They’re the eighth largest economy in the world and they’ve got some fundamental strengths. They’re the second largest energy exporter.
It’s apparent the US sanctions aren’t working. The US put sanctions on Iran and they worked. They put sanctions on Russia, and Russia has a much greater capacity to push back so there’s a limit to what the US can do.
The Germans don’t want to be involved in sanctions.
Russia hit a bottom but Jim recommends some of the Russian ETFs for US investors as they’ve done very well — the ruble is coming back.
The Fed is going down a path where they say they’re going to raise rates. But why would you raise rates when the economy is weak? You wouldn’t.
You’d only raise them if the economy is strong.
The idea is that the US economy is strong enough to bear the weight of the world; the whole cost of global adjustment. Japan gets a lifeline with a cheap yen. Europe gets a cheap euro.
But the US economy is actually weak.
This is the conundrum the Fed has. They say they want 2% inflation and at the same time they also say they want to raise rates.
But if you raise rates then it makes the dollar stronger which creates deflation not inflation.
So how does raising rates work?
This is coming to a head. They’re not going to raise rates in June. Then in September they’ll blink and make it very clear that they’re going to be very “patient” about raising rates.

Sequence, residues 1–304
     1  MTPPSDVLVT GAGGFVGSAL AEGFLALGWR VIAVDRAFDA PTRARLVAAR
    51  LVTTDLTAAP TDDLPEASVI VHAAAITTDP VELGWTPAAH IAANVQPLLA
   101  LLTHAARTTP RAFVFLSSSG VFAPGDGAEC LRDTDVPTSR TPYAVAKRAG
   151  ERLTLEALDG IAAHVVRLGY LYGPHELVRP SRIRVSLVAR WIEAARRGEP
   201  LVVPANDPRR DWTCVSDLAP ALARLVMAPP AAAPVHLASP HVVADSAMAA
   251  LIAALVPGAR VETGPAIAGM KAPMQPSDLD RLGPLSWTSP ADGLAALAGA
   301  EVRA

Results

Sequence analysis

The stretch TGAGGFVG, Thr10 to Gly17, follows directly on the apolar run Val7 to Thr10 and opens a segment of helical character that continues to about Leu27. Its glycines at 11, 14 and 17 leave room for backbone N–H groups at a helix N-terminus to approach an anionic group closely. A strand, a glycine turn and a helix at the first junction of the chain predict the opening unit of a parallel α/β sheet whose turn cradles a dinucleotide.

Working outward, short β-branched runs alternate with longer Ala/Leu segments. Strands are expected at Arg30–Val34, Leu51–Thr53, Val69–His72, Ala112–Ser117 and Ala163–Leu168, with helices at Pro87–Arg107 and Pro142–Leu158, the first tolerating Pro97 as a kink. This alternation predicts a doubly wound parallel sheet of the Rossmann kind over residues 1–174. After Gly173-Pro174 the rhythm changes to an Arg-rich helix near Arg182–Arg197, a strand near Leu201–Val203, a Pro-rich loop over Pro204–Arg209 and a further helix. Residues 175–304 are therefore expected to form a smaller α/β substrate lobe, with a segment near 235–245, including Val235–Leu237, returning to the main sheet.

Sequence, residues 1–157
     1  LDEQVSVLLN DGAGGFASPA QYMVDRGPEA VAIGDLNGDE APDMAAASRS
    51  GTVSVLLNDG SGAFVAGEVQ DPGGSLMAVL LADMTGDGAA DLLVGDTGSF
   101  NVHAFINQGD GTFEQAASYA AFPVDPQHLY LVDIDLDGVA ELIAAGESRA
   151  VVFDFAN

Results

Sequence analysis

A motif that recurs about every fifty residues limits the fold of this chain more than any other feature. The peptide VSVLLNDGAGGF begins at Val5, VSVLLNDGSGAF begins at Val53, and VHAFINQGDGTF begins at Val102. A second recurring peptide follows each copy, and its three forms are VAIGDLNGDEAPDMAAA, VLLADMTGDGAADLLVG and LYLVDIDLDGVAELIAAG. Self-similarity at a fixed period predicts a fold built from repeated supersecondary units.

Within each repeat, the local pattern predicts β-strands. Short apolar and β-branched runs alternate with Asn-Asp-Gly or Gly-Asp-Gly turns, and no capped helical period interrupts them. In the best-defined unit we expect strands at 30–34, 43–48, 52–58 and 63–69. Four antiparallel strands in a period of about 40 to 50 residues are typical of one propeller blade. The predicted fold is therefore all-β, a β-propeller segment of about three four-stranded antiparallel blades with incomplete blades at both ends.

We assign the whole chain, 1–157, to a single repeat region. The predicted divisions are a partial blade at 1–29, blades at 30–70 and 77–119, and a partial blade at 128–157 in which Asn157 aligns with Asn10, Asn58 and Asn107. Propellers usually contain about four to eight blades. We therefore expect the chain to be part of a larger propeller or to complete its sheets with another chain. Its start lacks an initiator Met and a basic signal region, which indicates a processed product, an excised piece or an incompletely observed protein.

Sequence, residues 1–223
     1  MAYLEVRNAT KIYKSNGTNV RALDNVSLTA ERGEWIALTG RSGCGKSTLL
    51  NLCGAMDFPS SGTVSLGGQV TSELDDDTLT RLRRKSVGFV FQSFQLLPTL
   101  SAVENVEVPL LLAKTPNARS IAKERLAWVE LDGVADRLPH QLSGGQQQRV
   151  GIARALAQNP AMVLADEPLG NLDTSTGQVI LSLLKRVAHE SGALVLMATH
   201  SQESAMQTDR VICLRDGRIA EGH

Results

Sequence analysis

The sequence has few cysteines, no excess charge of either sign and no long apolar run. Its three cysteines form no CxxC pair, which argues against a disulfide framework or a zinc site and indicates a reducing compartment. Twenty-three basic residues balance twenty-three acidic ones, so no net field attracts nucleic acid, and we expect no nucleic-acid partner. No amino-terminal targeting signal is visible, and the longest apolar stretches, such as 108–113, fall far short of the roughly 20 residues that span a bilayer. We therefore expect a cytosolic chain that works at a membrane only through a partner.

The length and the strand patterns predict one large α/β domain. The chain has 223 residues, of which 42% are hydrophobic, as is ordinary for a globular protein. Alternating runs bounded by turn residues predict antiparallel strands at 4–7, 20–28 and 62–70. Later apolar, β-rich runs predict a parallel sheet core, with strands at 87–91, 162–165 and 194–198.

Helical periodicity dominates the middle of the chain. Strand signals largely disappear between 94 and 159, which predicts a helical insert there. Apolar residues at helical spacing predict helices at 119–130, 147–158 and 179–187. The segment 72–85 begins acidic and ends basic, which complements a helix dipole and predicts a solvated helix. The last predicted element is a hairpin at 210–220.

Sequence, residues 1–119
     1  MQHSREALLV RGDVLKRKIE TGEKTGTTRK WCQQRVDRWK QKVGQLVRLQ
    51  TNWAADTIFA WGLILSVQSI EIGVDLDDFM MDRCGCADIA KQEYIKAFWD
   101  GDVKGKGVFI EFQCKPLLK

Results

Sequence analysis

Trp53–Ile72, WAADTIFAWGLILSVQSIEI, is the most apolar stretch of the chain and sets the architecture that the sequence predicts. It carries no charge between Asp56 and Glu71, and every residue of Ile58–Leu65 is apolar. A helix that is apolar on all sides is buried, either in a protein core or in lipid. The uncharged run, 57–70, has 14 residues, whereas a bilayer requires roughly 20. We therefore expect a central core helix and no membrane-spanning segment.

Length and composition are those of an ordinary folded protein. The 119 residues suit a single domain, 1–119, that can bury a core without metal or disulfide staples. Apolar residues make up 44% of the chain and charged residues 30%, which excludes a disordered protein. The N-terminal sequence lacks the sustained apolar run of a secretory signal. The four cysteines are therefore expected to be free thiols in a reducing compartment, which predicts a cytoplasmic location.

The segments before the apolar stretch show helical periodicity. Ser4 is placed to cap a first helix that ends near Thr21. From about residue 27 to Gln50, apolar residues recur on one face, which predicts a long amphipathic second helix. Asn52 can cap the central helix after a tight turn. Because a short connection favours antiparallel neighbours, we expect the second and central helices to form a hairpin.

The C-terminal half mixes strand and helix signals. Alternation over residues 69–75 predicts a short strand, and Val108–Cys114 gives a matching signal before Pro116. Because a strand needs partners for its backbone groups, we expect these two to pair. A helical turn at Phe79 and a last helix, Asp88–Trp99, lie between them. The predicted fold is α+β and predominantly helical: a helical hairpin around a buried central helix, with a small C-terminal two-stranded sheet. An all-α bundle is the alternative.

Jim Rickards can be found on Twitter and at James Rickards Project. Jim’s newsletter can be found at Agora Financial.
Currency Wars and Death of Money can be purchased through Jim’s website shop at James Rickards Project.
Down the Gold Rush Trail
Did my first gold panning in the woods in the interior of British Columbia, Canada. Followed this path to a waterfall and found sparkling mica, which fools the beginner and floats in the pan. Also found pyrite, another fools gold. But at the bottom of the pan was gold. Fine and small dust and a few little bitty pieces beneath the black sand. Happiness. I’ll be going back.
I’m thinking of doing a video or ebook on how to pan and look for gold in the wild. Would that interest any readers?
Spent time alone, really alone, for hours by a lake. A little meadow had a bench where an old First Nations pit house used to be. Beautiful wildflowers. On the way back down a remote road there were two deer hanging out. Calm as could be. They let me come very close before meandering off.
Back in Vancouver for the weekend, attending a friend’s show at a back alley little venue called Skinny Fat Jacks. Off to the Vancouver art gallery this afternoon for a show with Cezanne, then back into the Gold Rush Trail home again in the morning.
Gold is $1,203.30 US per ounce via Kitco
Preparing for the Fall is a boutique live solo album available on iTunes — including the singles Wag the Dog, Black Swan Dive, Bitcoin Barbarians, Miss American Pie and Gods of the Copybook Headings.
Another Week on Wall Street
words and music Elaine Diane Taylor
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from the album Coins and Crowns available on iTunes
Nothing on this site is personal investment advice. We’re all watching how the wind is blowing.